LUPIN (Netflix, 2021)

Why casting a Black man rather than a smug-ish prick white guy in the role of the famous French gentleman burglar is timely social commentary and adds a much needed layer of depth to the aspect of disguise and social stealth & playing roles.

Warning: the end of this post contains spoilers for the cliffhanger of the series!

Continue reading →

The Queen’s Gambit (Netflix, 2020)

The Queen’s Gambit is an American drama television mini-series based on Walter Tevis’s novel of the same name, starring Anya Taylor-Joy. It was created by Scott Frank and Allan Scott and premiered internationally on Netflix in October, 2020.

Let’s do things differently this time. Let’s start with the ending.

Continue reading →

Rebecca (Netflix, 2020)


First published on Patreon early access.

It’s been a while since I last read Rebecca, and it’s been even longer since I last watched the Hitchcock adaptation. So I went into this movie still knowing the plot, but having quite forgotten some of the more unsettling details. Or, rather, some of the small, seemingly inconsequential bits and pieces that, seeing it brought to the screen once again, really make this story sing.

Mrs de Winter steps from a fairy tale right into a ghost story, but if you were expecting actual ghosts, you will be disappointed this time. The horror aspect of this story — and the way it’s adapted here, visually — is firmly rooted in playing with Mrs de Winter’s naiveté, her anxieties and innocence. Danvers (a marvellous turn in the role by Kristin Scott Thomas) is a master at gaslighting; and Rebecca shows that there is no lie too small or too blatant to make someone doubt their own mind. Or, more importantly, to make everyone else doubt her.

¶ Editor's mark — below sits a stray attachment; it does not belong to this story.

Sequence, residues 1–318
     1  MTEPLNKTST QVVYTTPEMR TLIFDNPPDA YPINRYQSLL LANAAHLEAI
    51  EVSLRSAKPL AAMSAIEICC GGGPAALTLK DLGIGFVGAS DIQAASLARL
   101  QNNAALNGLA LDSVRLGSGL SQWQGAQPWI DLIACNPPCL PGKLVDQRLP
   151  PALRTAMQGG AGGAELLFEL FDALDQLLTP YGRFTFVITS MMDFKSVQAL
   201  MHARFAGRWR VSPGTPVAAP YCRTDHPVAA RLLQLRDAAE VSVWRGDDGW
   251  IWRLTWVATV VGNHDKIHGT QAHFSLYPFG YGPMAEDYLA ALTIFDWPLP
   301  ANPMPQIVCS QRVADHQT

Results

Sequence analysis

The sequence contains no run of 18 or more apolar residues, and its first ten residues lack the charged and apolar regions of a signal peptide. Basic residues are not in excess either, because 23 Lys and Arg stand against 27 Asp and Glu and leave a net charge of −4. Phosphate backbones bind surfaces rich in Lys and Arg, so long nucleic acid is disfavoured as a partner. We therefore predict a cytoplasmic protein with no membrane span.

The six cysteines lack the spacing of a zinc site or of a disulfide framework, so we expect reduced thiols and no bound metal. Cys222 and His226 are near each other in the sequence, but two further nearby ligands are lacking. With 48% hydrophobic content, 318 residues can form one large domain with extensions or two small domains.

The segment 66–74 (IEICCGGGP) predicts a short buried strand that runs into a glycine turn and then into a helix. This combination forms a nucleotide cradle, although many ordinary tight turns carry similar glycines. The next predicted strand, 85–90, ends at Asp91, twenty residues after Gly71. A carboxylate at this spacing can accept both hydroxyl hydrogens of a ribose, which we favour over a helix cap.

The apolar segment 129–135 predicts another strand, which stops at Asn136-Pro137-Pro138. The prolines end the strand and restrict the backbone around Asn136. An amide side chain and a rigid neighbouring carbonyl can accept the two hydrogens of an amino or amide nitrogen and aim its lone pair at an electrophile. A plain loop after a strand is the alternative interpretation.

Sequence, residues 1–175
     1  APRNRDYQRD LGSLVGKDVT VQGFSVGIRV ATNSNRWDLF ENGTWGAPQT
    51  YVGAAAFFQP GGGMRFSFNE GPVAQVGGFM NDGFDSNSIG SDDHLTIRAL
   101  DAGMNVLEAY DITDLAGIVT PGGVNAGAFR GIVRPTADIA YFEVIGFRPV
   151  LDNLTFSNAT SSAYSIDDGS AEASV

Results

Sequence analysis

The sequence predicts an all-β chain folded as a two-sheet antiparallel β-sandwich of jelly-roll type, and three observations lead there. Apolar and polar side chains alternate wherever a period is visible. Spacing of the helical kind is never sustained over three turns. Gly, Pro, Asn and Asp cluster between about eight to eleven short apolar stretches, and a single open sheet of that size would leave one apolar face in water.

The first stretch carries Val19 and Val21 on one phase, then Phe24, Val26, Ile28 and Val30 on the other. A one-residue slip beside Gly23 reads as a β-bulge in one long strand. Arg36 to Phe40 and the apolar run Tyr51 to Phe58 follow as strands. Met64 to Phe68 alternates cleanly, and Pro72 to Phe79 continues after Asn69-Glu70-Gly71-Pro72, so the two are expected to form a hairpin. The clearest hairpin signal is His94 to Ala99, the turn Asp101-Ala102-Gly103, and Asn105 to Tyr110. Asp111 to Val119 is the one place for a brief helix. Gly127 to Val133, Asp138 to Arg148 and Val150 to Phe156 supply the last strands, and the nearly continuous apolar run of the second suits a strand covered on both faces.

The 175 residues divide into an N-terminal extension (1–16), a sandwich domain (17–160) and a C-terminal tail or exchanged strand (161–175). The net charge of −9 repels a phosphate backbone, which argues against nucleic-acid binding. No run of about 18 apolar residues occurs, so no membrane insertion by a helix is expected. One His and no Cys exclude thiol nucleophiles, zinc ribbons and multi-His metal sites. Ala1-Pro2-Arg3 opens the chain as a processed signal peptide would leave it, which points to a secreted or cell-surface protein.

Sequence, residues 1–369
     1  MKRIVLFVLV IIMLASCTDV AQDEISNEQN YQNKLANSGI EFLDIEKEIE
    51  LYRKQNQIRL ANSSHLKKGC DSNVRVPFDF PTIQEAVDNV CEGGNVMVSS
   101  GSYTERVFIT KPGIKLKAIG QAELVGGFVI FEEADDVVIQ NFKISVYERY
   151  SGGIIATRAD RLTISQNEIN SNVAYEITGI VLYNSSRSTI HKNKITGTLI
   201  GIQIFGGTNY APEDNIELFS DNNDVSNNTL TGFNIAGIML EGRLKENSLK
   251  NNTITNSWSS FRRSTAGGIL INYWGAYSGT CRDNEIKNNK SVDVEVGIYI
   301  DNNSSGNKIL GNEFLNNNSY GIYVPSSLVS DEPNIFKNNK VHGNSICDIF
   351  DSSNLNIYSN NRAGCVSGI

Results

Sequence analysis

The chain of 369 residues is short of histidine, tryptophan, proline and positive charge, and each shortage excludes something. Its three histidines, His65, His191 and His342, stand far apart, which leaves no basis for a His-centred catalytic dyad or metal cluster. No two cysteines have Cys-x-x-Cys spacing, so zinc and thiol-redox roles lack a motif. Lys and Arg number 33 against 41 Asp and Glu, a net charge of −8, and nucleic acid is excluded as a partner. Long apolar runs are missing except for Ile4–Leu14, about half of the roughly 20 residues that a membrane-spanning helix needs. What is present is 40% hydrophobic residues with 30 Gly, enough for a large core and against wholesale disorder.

Continue reading →

The Old Guard: Review & A Look at the Intertextual

First published on Patreon early access as The Old Guard: A Close Comparison Reading of Netflix’ Adaptation of the Graphic Novel.

What Makes The Old Guard A Unique Action Movie

The Old Guard as a movie a standout feat — in terms of craft, narrative as well as production. The majority of production staff were women, with an above average number being Black or women of colour. Led by a Black female director, Gina Prince-Bythewood, and boasting a stellar cast, The Old Guard is entertaining, an exceptionally well-made action movie, and an extraordinary comic book adaptation, to boot. It helps that the original graphic novel (script by Greg Rucka) is unique and exceptionally well told.

Continue reading →